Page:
Unable to follow multi-step directions or routines. For example if you
ask them to go upstairs, get undressed, have a wash and bring down a
book, they will probably forget one of your directions (and not necessarily
to wash!).
Most dyslexics have significant problems in directionality, telling left
from right
Spotting the Symptoms of Specific Disorders in Class
Autism Spectrum Disorder
Autism is a spectrum disorder, meaning that there is a wide degree of
variation in the way it affects people. Every child on the autism spectrum has
unique abilities, symptoms, and challenges. Children with autism spectrum
disorders usually have particular communication and social characteristics in
common, but the conditions cover a wide spectrum, with individual
differences in: severity, age it starts, how many symptoms they show and
how well the child can function
Every individual on the autistic spectrum has problems to some degree with
social skills, empathy, communication, and the ability to be flexible. But the
level of disability and the combination of symptoms can vary significantly from
child to child.
The 3 most common categories of Autistic spectrum disorder are:
Autism (the most severe of the three)
Asperger's Syndrome (high functioning autism is the mildest of the 3)
Pervasive Developmental Disorder
As the 3 autism spectrum disorders share many similar symptoms, it can be
difficult to distinguish one from the other, particularly in the early stages.
By the time a child reaches school autism spectrum disorder will normally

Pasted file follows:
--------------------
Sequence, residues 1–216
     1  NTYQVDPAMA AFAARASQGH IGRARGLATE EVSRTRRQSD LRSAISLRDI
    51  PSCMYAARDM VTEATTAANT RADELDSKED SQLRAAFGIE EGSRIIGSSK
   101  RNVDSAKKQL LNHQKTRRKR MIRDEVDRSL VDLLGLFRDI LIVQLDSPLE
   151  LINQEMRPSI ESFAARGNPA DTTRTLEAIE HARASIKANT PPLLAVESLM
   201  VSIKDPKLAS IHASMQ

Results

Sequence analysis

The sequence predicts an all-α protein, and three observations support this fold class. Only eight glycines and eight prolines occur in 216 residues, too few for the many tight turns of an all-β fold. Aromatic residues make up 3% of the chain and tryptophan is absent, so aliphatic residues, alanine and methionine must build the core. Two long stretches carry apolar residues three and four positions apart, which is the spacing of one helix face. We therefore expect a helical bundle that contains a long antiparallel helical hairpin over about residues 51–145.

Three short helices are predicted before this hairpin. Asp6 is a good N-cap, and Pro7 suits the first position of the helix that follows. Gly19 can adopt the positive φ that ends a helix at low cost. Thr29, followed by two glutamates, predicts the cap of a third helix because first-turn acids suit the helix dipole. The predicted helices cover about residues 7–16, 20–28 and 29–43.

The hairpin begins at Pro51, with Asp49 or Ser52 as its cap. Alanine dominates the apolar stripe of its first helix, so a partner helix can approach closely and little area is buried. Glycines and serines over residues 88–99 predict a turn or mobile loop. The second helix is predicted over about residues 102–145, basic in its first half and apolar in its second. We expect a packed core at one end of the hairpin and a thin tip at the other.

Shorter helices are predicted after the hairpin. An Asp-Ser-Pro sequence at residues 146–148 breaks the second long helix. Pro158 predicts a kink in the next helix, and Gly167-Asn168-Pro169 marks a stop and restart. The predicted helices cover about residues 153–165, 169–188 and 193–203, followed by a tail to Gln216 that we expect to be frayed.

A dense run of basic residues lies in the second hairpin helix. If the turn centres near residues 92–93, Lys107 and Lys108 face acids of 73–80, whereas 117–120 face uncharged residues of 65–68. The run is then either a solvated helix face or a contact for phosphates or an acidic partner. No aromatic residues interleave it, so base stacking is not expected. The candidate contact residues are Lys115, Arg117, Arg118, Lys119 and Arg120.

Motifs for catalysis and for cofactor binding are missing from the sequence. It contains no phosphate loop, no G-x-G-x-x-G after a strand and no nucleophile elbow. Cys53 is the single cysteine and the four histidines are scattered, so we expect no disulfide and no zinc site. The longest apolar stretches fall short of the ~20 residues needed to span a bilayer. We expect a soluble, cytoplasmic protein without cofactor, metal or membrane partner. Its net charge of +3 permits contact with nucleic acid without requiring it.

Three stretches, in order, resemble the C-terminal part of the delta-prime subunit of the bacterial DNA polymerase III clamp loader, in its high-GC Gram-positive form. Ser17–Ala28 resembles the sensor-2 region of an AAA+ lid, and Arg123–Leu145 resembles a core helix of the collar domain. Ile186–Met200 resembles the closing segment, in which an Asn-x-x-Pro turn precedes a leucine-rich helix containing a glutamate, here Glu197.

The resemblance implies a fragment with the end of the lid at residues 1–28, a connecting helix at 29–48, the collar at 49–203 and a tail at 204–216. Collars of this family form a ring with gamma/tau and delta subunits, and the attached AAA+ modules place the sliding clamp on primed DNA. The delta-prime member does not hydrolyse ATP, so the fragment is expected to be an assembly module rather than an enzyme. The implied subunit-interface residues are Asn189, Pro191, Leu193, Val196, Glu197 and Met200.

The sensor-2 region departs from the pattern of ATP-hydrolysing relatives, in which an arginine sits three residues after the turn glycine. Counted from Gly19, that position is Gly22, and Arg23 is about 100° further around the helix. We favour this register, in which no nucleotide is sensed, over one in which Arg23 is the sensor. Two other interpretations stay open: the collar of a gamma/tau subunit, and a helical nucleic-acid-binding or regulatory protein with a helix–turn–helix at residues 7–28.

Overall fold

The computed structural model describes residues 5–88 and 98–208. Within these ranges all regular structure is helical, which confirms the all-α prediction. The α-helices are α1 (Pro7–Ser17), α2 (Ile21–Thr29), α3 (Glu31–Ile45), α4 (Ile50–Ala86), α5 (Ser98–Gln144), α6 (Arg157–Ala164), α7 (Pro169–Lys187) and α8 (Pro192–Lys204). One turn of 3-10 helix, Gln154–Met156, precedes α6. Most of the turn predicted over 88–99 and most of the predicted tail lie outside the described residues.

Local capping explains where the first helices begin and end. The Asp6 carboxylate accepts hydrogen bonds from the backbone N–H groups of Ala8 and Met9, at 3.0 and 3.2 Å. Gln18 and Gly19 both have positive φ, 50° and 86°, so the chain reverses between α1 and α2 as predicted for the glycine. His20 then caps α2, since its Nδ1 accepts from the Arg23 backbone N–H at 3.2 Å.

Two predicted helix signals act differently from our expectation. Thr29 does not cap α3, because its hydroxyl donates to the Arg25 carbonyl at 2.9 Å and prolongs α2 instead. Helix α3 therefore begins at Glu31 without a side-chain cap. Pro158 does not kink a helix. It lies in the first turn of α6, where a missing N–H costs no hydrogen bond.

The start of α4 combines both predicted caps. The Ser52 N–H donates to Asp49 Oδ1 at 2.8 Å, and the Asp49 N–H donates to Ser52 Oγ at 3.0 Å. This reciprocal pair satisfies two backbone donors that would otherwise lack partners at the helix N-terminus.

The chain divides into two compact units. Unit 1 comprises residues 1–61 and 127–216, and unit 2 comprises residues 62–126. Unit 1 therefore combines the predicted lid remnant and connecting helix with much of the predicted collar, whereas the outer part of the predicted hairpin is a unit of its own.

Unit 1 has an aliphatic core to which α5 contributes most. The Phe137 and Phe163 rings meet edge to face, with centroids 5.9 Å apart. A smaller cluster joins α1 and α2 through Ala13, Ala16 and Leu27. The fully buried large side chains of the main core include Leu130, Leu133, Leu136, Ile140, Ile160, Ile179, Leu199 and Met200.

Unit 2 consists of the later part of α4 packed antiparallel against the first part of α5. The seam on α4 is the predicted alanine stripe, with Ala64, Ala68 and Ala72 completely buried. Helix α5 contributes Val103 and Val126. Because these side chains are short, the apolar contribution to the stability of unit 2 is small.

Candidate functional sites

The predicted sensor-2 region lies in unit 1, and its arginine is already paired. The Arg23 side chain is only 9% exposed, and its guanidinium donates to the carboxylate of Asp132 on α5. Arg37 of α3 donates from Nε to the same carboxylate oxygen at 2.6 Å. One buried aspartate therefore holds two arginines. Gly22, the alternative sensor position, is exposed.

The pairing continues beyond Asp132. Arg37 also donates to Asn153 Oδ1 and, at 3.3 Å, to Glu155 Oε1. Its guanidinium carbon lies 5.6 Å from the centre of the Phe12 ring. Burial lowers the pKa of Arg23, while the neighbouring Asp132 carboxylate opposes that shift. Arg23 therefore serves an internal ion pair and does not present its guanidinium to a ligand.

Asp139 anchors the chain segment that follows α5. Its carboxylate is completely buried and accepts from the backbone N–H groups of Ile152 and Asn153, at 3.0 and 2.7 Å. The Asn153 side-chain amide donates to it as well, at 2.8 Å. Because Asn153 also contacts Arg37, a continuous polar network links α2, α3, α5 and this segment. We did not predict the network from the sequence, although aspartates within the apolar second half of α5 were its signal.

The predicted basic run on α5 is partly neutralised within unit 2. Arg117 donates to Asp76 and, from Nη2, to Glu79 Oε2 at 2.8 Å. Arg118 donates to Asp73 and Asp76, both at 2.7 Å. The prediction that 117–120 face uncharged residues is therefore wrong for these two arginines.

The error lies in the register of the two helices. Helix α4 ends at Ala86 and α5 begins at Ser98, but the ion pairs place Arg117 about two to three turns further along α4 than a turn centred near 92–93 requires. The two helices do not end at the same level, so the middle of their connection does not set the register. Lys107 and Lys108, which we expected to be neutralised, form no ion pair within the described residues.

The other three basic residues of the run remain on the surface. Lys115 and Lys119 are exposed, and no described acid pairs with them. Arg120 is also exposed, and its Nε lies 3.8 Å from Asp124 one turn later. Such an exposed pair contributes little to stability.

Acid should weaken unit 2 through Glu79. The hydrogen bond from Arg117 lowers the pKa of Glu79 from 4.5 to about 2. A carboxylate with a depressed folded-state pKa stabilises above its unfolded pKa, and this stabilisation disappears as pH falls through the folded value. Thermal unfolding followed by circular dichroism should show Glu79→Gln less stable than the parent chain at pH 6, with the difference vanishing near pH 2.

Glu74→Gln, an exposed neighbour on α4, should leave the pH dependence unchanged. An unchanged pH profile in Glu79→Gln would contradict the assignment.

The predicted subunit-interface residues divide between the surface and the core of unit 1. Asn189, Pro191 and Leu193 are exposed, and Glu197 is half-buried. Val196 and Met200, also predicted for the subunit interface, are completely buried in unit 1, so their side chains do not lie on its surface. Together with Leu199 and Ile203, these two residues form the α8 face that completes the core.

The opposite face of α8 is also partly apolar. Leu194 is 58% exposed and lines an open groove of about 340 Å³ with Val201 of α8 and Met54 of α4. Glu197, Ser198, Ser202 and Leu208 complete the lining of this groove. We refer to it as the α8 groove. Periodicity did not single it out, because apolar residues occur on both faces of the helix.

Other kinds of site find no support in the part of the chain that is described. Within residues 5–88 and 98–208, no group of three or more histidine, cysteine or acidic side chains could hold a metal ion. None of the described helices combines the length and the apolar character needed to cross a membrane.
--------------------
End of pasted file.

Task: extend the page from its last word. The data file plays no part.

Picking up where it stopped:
have been diagnosed, but not always.
Autism and Asperger's- symptoms
On the next pages are listed the signs and symptoms of Autism and
Spotting the Symptoms of Specific Disorders in Class
Symptoms of Autism
Autism is a complex brain disorder that affects many aspects of child
development, including how a child talks, plays, and interacts. Early
intervention makes a huge difference in the outcome of the disorder, so as a
teacher, it's important to know the symptoms of autism and seek advice if you
have concerns about a particular child.
Autism occurs with equal frequency across all races, ethnicities, and social
classes. However, boys are three to four times more likely to have autism
than girls and the siblings of those with the disorder are also at a higher risk.
The symptoms of autism vary widely, as does the severity of the disorder.
There are 3 main areas that will be affected:
Social Skills — impaired social interaction is the hallmark sign of
autism and one that most people are aware of and associate with
autism. Children with autism often appear to be in their own little world.
They may have some or a significant inability to make eye contact.
They often appear totally uninterested in other people and their
surrounding environment. They have trouble engaging in co-operative
play with peers, making friends, and understanding what others are
thinking and feeling.
Communication — Autism also involves problems with verbal and
nonverbal communication. Spoken language is usually delayed in
autistic children and may even be completely absent. Children with
autism usually have trouble conversing freely and easily. Other
common symptoms involve odd or repetitive speech patterns,
inappropriate facial expressions and gestures, and language
comprehension difficulties.
Repetitive behaviour — Autistic children often exhibit repetitive